As Tiny Tim would say: "God bless us, every one!"
Friday, December 21, 2012
Monday, December 17, 2012
“Man must cease attributing his problems to his environment, and learn again to exercise his will - his personal responsibility in the realm of faith and morals.” ~ Albert SchweitzerIf the tragic events of this past Friday teach us anything at all, it may very well be a clear call for change. Not external change or the "somebody oughta do something" change, but the most difficult change of all -- personal change.
Several years ago, I attended a Men's Retreat at which Kerry L. Skinner previewed and taught from his great workbook; The Heart of the Problem. In the introduction to that weekend, Kerry said something that has stuck with me all these years. He said: "The heart of the problem is the heart is the problem." A simple, yet profound statement that came to my mind as I watched the news coverage of the tragic shooting in Newtown, Connecticut.
I realize much has been said, and it is likely there will be much more said in the days and weeks ahead. It is not my intent to try to explain or even make a slight degree of sense as to what happened. The truth is, I have no answers -- I don't believe anyone has any real answers. Any attempts to explain or affix blame really don't seem to make a lot of sense.
However, what is clear to me is the need for a very real discussion about personal responsibility and standards of conduct that are not only self-imposed, but carefully cultivated through intentional study and modeled behavior. We talk so much about creating a world that is better for our children and grandchildren. Today, our discussion must center on how we can keep them safe in places where there should be no hint of threat to their safety. Our schools and homes should be such a place. Yet, recent history reveals that nothing may be further from the truth. Why?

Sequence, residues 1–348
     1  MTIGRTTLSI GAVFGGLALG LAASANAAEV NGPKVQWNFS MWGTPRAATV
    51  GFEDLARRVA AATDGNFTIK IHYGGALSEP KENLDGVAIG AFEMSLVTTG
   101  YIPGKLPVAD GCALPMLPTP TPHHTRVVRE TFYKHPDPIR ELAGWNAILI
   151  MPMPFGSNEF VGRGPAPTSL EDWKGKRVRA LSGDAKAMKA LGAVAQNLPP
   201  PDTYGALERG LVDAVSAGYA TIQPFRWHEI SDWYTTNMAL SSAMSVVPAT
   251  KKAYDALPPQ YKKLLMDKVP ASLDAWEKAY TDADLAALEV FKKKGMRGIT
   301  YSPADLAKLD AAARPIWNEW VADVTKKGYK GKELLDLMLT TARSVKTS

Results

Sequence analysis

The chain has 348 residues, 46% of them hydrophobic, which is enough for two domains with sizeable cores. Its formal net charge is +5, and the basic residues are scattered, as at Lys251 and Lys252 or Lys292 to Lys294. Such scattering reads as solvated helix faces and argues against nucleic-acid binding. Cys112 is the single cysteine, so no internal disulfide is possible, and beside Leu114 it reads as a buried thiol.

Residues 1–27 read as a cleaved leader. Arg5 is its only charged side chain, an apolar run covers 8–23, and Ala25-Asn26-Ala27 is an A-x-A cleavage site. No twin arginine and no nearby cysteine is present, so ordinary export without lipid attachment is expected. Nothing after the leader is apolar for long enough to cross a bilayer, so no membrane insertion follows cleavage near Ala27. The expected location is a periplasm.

Again, I don't have the one true answer. But is it possible for us to turn off the influences of violence that have overtaken the culture? I fear that today's very realistic video games, movies and television shows are glorifying such violence and by constant exposure anesthetizing our repulsion of it -- an maybe finding a place in our heart. We may not intend to carry out such acts ourselves, and clearly know the difference between fantasy and reality -- but is this true universally?
Permanent change does not come overnight, nor will it be easy. But I believe if we will each be a party of one, we can collectively make a difference. First, by turning off the violent and negative influences in our own lives. Second, by replacing these influences with uplifting and life-changing information that can challenge our thinking and alter our behavior and habits. Third, by making a commitment to surround ourselves with like-minded people who are equally committed to making a difference. Fourth, by modeling the behavior and mentoring others who will inevitably be drawn by the influence we've placed on our own lives.
It does no good to blame others if we are not willing to take personal responsibility. I trust that we will do so -- and do so soon. Your comments are always welcome.
p.s. As I finished this missive, I saw a great post by my dear friend, mentor, and LIFE business partner; Marc Militello. Take a moment and read it. Just click on his name.
Saturday, December 8, 2012
"The desire of gold is not for gold. It is for the means of freedom and benefit." ~ Ralph Waldo Emerson